Application configuration
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Using the IOptions Pattern in a .Net Core Application

Hi and welcome back to my blogs on development!

Today I will go over how you can use the IOptions pattern to inject application settings within your .NET Core applications using dependency injection into .NET Core 3.1.

The file used to store configuration settings for our .NET Core web application is the appsettings.json file. A sample format of this file is shown as follows:

  "ConnectionStrings": {
    "AppDbContext": "[some connection string]"
  "Logging": {
    "IncludeScopes": false,
    "LogLevel": {
      "Default": "Warning"
  "AppSettings": {
    "AppName": "BookLoan",
    "AppVersion": "1.0.0",
    "UrlCatalogAPI": "http://localhost/BookLoan.Catalog.API/",
    "UrlLoanAPI": "http://localhost/BookLoan.Loan.API/"

To obtain a connection string, we can use the following command:

string dbConnStr = Configuration.GetConnectionString("AppDbContext")

where Configuration is injected through a constructor, e.g. from Startup():

public IConfiguration Configuration { get; }

public Startup(IConfiguration configuration)
    Configuration = configuration;

This is quite straightforward, and similar to traditional .NET 4.x Framework applications.

How about the key / value pairs in the AppSettings section?

The following will also work:

string sAppName = Configuration.GetValue<string>("AppSettings:AppName");
string sAppVersion = Configuration.GetValue<string>("AppSettings:AppVersion");

If we had numerous settings key / values to retrieve into our service classes, the above would be quite cumbersome and repeat itself. The solution to this is to use the IOptions pattern from .NET Core framework 2.2/3.1.  The IOptions pattern allows us to make configuration access strongly types by mapping application settings into a concrete application type model instance that is accessible through the use of dependency injection anywhere within our application classes.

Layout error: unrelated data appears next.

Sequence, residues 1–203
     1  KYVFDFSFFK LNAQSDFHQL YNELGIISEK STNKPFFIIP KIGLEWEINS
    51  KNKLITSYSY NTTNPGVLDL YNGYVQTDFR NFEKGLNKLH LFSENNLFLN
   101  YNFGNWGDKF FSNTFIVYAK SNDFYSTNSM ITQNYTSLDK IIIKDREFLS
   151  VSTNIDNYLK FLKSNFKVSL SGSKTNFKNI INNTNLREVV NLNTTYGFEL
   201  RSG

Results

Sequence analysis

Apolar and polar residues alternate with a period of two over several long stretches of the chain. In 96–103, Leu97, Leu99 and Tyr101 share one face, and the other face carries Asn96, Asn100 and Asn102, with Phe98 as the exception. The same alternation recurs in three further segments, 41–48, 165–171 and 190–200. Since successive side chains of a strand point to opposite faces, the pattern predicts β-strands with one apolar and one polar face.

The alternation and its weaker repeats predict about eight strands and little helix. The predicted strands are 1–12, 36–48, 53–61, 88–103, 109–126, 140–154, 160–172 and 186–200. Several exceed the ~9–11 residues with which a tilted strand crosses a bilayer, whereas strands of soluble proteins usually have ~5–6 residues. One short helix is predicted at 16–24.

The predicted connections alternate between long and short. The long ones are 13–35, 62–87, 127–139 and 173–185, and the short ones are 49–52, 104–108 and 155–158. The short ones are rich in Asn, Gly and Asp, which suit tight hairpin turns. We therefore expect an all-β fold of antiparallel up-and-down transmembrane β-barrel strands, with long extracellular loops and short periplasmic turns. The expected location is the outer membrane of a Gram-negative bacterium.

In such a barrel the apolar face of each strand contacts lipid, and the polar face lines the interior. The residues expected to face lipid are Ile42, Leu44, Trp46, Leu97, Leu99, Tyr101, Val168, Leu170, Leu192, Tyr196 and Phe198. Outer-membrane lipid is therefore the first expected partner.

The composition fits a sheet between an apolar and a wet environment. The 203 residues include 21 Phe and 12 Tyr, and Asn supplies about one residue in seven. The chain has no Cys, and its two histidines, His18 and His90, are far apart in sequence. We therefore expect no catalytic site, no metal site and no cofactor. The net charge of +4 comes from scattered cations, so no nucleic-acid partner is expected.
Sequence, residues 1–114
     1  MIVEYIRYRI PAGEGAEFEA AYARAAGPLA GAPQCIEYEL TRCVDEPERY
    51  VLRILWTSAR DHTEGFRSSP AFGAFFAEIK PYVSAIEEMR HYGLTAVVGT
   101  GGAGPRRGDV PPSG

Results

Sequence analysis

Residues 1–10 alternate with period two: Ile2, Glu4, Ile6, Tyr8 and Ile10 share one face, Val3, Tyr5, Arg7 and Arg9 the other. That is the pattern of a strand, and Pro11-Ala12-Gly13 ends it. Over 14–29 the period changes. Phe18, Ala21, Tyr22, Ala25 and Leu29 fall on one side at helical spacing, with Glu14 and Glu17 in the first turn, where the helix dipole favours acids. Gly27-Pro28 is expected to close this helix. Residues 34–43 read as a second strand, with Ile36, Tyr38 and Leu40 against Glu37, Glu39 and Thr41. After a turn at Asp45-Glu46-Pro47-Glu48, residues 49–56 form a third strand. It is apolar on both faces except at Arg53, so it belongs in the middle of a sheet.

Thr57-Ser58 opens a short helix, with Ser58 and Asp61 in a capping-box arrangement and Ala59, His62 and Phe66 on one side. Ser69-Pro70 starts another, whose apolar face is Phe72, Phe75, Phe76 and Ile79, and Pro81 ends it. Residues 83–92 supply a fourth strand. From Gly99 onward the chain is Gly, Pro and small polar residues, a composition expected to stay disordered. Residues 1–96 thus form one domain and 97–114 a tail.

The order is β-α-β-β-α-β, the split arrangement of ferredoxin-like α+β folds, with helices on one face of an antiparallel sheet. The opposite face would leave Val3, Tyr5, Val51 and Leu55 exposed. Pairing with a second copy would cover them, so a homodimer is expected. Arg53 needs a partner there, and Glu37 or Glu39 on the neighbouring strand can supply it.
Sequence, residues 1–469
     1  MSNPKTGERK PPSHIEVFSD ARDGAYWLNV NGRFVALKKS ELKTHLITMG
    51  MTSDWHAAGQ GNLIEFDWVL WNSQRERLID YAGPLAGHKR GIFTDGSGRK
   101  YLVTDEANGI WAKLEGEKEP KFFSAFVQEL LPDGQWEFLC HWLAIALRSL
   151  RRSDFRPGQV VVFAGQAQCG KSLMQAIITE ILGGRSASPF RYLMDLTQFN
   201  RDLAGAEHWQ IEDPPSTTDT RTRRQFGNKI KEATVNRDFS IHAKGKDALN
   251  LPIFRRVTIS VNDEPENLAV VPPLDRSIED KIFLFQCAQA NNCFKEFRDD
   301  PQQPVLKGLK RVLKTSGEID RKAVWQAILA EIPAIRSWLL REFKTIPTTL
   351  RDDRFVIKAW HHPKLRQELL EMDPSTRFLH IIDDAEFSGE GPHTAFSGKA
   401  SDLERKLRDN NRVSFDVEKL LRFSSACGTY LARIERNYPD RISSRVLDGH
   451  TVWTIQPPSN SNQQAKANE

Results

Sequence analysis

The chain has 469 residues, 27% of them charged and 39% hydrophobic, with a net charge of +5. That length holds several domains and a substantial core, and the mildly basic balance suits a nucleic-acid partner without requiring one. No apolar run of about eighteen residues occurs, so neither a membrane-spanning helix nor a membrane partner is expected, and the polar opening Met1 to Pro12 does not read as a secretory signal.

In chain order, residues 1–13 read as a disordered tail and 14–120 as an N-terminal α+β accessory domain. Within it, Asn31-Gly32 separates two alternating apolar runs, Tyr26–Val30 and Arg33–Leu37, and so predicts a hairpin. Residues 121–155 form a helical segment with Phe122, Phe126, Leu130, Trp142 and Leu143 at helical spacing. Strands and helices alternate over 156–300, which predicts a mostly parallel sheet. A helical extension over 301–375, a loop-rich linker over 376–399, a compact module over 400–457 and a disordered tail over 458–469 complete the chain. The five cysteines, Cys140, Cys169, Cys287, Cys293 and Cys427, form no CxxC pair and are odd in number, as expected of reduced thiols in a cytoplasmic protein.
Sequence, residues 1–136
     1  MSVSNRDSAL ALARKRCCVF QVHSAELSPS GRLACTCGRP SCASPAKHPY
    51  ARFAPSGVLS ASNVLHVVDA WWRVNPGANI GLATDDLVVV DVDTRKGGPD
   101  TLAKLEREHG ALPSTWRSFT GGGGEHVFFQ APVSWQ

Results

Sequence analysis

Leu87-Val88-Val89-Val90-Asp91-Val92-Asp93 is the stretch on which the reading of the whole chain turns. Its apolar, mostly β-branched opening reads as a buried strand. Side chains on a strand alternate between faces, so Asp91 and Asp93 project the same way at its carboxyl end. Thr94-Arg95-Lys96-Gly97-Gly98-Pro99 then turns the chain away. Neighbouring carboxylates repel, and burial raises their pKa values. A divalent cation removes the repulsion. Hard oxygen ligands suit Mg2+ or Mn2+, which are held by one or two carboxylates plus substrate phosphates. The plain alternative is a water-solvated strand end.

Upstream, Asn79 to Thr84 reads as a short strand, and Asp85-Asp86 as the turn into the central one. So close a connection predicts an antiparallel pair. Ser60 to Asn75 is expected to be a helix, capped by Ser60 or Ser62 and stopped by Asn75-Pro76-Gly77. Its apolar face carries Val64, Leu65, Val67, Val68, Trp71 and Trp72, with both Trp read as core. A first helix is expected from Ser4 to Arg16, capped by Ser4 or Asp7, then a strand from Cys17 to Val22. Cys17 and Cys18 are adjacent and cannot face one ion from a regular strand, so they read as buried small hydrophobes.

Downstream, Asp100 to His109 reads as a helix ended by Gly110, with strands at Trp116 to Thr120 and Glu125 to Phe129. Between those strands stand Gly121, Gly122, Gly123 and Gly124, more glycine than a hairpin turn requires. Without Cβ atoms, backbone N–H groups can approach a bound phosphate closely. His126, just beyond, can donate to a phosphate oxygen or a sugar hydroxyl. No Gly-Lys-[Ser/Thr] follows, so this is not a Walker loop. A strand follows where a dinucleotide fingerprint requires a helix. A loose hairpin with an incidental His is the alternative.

These are the steps to take to use IOptions:

Step 1

Create a class to containing your application settings:

using System;
using System.Collections.Generic;
using System.Linq;
using System.Threading.Tasks;

namespace BookLoan.Services
    public class AppConfiguration
        public AppConfiguration() { } 
        public string AppName { get; set; } 
        public string AppVersion { get; set; } 
        public string UrlCatalogAPI { get; set; }
        public string UrlLoanAPI { get; set; }
Step 2

In your ConfigureServices() method within startup.cs add the following two lines:

public void ConfigureServices(IServiceCollection services)

We include the following namespace at the top of the source.


By including the options pattern into your services container, allows your application to map the equivalent settings from appSettings.json into your application configuration model.

Step 3

Inject IOptions into a custom service class. Reference the configuration data within your service class and obtain settings properties:

using Microsoft.Extensions.Options;

public class BookService: IBookService
    private readonly IOptions<AppConfiguration> _appConfiguration;

    public BookService(..., IOptions<AppConfiguration> appConfiguration, …)
        _appConfiguration = appConfiguration;
Step 4

Obtain the application configuration value from the options manager:

public async Task<List<BookViewModel>> GetBooks()

    HttpResponseMessage response = null;
    var delayedRetry = _apiServiceRetryWithDelay;

    await delayedRetry.RunAsync(async () =>
        response = await _apiServiceHelper.GetAPI(
            _appConfiguration.Value.UrlCatalogAPI + "api/Book/List",

Use of the IOptions pattern gives you a cleaner way to inject application configuration settings into your application classes and handles the lifetime of the application configuration data for you.

In addition, it makes the configuration access strongly typed.

That’s all for today’s post.

I hope you found this post useful and informative.

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